I was reading another Phys.SE question and answer, and this quote jumped out at me:

As for dark energy, the current accepted model, Λ-CDM, treats dark energy like a constant energy density. That means as the universe expands, the amount of dark energy per unit volume remains constant.

It struck me that this effectively ties dark energy and space together in an equation form. Something about the "dark energy per unit volume remains constant" phrasing. (Alternatively this could tie space to matter, of course). And I was wondering if it's not "dark energy remains constant per unit volume", but instead, "space is equivalent to energy, and we measure that as something we call dark energy".

I was wondering if there were any current theories suggesting this already, or conversely if any experiments or observations would contradict this?

  • $\begingroup$ This question physics.stackexchange.com/q/273468 is related to yours, imo. $\endgroup$ – user108787 Aug 10 '16 at 22:58
  • $\begingroup$ What does "space is equivalent to energy" actually mean? $\endgroup$ – ACuriousMind Aug 11 '16 at 13:52
  • $\begingroup$ @ACuriousMind: To use Snyder005's phrasing, that space has energy, rather than dark energy being something entirely separate that just happens to be show up with space. I don't know if it matters, except conceptually. $\endgroup$ – Dan Smolinske Aug 11 '16 at 15:22

This question at it heart seems to deal more with semantics than with physics, but is still interesting. First, I don't think it would be correct to say energy equals mass, but rather that mass has energy, with the amount available given by $E=mc^2$. In a similar manner, one could state that dark energy could be evidence that space itself has energy, the so called vacuum energy. This arises from your choice of how you write the Einstein field equations

There are two ways to write the Einstein field equations. The first is with the dark energy term on the same side as the stress energy tensor.

$G_{\mu\nu} = \frac{8\pi G}{c^4}\left( T_{\mu\nu} + T_{\mu\nu, \mathrm{vacuum}}\right)$

where $T_{\mu\nu, \mathrm{vacuum}} = - \frac{\Lambda c^4}{8 \pi G} g_{\mu\nu}$. In this case we treat it as some additional intrinsic mass-energy density, i.e. vacuum energy.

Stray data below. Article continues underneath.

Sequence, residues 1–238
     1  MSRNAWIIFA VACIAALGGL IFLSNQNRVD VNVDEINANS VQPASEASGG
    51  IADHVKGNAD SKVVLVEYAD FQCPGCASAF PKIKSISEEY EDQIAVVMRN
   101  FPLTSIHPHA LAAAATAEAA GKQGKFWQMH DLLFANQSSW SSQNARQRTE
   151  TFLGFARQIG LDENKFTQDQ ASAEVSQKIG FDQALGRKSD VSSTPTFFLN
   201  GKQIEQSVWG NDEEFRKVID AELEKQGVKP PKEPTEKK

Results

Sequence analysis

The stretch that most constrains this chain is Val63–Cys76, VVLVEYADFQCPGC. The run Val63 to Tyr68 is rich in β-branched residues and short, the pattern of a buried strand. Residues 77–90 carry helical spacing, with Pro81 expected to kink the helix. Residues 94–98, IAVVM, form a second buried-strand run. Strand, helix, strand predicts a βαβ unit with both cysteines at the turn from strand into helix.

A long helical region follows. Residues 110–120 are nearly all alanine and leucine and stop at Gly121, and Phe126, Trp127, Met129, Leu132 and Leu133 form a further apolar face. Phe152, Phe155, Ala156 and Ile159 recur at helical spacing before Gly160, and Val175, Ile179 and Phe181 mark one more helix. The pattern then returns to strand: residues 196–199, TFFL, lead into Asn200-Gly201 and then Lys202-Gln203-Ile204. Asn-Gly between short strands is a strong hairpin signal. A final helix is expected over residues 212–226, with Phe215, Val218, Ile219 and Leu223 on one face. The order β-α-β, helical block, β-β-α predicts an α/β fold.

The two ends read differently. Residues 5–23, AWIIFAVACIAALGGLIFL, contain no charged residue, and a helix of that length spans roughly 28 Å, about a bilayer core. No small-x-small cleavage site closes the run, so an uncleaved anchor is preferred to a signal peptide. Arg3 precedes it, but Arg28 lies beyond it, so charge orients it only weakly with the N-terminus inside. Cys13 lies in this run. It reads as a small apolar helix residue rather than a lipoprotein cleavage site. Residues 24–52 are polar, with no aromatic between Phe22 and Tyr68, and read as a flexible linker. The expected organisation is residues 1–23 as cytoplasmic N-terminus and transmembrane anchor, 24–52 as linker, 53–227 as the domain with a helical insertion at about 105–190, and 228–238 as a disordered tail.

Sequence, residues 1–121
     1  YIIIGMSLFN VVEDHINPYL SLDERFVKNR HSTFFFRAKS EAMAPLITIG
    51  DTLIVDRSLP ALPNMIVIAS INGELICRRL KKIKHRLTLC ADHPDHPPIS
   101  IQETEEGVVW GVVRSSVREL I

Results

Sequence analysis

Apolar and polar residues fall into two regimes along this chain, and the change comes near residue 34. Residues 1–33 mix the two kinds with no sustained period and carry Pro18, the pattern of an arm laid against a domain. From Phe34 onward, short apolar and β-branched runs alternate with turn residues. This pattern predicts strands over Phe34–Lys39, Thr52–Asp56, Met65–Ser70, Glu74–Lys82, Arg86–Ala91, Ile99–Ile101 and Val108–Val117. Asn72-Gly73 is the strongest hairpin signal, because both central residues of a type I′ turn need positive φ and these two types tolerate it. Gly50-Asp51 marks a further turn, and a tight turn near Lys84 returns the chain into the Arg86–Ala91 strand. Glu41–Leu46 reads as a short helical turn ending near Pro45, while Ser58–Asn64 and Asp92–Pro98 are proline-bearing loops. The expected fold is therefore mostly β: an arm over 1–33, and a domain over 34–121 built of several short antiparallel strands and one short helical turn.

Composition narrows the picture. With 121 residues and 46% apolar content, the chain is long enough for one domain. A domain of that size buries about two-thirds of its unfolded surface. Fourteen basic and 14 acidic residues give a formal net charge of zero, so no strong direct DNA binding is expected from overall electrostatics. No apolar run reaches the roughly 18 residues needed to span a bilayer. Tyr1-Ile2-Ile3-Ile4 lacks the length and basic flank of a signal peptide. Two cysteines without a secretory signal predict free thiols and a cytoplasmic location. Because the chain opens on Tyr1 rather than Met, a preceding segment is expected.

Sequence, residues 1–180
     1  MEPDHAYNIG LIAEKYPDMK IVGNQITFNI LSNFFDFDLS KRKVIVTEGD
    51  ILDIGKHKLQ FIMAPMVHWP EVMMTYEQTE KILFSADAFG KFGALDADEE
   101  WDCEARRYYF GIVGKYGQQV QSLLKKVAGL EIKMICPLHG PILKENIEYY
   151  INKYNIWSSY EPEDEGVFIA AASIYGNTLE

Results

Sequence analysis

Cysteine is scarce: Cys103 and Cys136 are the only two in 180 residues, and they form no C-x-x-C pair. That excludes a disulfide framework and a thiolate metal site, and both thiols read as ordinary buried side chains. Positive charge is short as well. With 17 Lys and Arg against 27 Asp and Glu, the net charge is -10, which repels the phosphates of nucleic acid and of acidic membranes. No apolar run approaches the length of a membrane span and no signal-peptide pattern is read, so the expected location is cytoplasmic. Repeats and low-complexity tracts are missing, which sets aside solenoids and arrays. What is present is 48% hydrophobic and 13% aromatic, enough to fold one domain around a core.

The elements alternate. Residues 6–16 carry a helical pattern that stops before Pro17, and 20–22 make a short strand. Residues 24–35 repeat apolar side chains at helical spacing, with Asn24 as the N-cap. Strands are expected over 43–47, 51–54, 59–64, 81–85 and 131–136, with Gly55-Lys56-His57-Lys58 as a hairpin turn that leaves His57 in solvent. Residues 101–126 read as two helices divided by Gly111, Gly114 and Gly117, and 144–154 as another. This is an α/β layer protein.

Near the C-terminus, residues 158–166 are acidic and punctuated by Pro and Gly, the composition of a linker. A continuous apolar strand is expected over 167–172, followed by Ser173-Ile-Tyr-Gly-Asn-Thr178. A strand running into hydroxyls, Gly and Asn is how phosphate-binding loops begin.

We could also move this term to the other side of the equation. (I will rewrite $G_{\mu\nu}$ for clarity).

$G_{\mu\nu} + \Lambda g_{\mu\nu} = R_{\mu\nu} - \frac{1}{2} R g_{\mu\nu} + \Lambda g_{\mu\nu} = \frac{8\pi G}{c^4} T_{\mu\nu}$

Here the dark energy term appears as a constant times the metric. In this case we treat it as some sort of fundamental constant to "add" to the space curvature, the cosmological constant.

So to answer your questions, there is fundamentally no difference in the two interpretations as far as its effect on General Relativity. You can choose to treat the effects of dark energy as a fundamental property of space, or as some energy, but the they are one and the same. Any constant added to our spacetime is identical to spacetime having intrinsic energy.

As far as experiments making distinctions, most wouldn't care the underlying reason, since the effects manifest the same. I would say most observational experiments "treat" it as "physical energy", in the sense that they treat dark energy as in the first case to define it as a form of energy and then study its properties (see: the equation of state). Modified theories of gravity would be an extreme case, and definitely would treat it as the second case; dark energy simply arising from an incomplete description of gravity, i.e. $G_{\mu\nu}$ is incorrect and must be changed, but, in the correct limit, $G'_{\mu\nu} \approx G_{\mu\nu} + \Lambda g_{\mu\nu}$.


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